2. Tres Fontane Abbey- Three Fountains
While some may be aware that Paul was martyred outside of Rome’s walls, many have never heard of this Biblical site as a popular tourist destination. When Paul’s head was cut off, legend has it that it bounced three times, causing three fountains to spring up. The location of Paul’s death is historical, even though it appears to be just a story.
Tres Fontane is not to be confused with the famous Trevi Fountain. It’s known as Tres Fontane because legend has it that after Paul’s head was severed, it bounced three times, resulting in three fountains! The location of his death is historical, despite the apocryphal fountain story.
3. St. Peter’s Basilica and Square
St. Peter’s Basilica and Square have received much attention from all the Christian sites in Rome. Christians were almost certainly all martyred in the Circus of Gaius/Nero, which is now St. Peter’s Square. Peter was crucified here and is most likely buried in the original burial cave beneath the Basilica. Here Peter was crucified, according to tradition, upside down and for reference just read see John 21:18-19. He is most likely buried in the original burial cave beneath the basilica.
4. The Church of St. Paul Outside the wall
The Church of St. Paul, about two miles from Tres Fontane Abbey, is where Paul was laid to rest. Emperor Constantine built over the site where Paul’s followers had revered the Apostle Paul’s burial site, and the structures that marked the spot have changed and expanded over time. Paul’s grave is marked inside the ornate walls of the Grand Basilica, which was built in the 19th and 20th centuries and reflects 19th and 20th-century architecture.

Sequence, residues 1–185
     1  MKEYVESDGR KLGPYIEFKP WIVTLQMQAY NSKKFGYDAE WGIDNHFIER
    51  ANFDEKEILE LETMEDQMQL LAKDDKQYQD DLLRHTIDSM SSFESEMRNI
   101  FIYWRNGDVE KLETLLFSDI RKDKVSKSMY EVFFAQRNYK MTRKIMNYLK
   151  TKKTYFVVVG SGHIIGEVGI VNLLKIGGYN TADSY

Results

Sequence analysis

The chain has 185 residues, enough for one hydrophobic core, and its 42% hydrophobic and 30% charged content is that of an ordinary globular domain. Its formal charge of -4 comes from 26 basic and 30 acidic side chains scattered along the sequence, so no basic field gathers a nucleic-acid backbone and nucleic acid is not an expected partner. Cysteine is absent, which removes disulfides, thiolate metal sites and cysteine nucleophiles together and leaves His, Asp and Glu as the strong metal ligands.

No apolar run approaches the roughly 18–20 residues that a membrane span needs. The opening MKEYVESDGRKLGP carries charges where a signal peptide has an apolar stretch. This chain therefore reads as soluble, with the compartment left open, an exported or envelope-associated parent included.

5. The Catacombs
The most notable for the early Christians who were buried here, the catacombs offer significant contributions to early Christian art. Early murals and sculptures have been discovered. Smaller grave sites have even been carved out for children who have died. Discovering this land and its origins will undoubtedly pay off well for your time and money. It will only be a bonus if you get to see some of the less-frequently visited sites on your tour.
6. San Clemente
Rome is a multi-layered city. Many places that were once on the street are now buried beneath the ground. This is especially evident in the 12th-century Basilica di San Clemente, which has a fascinating history dating back to Nero’s reign. Today, the basilica is located on the street level, atop another fourth-century basilica that sits atop a private home-turned-pagan temple. Early Christians are thought to have held secret worship services in their homes before gathering openly in a big hall built above, which later became the fourth-century basilica. Several early Christian frescoes were discovered during the 19th-century excavation of this basilica, and they still adorn its walls. The Colosseum is only a few blocks away, and tours of the excavations are available for a small charge.
After you’ve completed your bucket list with your trip to Israel, Rome might be your next stop. When it comes to biblical sites, this location has a lot to offer. When you visit Rome, what you read about the places listed will undoubtedly come to life.